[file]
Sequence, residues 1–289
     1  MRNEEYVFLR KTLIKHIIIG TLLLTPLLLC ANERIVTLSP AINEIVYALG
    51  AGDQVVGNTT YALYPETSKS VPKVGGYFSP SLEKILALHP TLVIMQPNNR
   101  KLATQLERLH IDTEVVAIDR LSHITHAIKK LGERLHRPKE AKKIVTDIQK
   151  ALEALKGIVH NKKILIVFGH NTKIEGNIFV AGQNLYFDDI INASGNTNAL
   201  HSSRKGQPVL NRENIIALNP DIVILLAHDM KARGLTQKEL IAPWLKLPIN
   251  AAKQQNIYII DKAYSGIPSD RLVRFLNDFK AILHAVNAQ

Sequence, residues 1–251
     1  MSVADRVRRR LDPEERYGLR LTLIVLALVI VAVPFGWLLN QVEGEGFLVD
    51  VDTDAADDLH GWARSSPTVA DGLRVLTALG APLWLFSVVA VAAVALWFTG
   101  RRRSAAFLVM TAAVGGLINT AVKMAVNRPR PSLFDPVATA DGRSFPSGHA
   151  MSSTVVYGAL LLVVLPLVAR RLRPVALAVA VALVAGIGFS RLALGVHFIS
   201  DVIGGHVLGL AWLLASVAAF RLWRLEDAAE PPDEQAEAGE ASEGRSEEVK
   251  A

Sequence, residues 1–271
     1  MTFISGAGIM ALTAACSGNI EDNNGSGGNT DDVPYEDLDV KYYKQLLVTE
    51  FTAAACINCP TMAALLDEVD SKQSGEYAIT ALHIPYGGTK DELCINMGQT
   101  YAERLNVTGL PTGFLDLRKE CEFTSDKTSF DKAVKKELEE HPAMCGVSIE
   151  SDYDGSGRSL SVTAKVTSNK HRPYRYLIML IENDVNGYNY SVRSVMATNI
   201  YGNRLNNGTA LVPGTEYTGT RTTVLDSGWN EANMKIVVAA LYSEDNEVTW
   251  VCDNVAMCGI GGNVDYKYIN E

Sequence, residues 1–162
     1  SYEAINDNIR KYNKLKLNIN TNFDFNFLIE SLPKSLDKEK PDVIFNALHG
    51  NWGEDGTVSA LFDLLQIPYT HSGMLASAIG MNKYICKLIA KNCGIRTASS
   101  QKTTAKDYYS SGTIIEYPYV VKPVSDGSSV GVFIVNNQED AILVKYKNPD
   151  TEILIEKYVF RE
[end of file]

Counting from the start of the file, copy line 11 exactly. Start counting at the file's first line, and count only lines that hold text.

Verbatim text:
   101  RRRSAAFLVM TAAVGGLINT AVKMAVNRPR PSLFDPVATA DGRSFPSGHA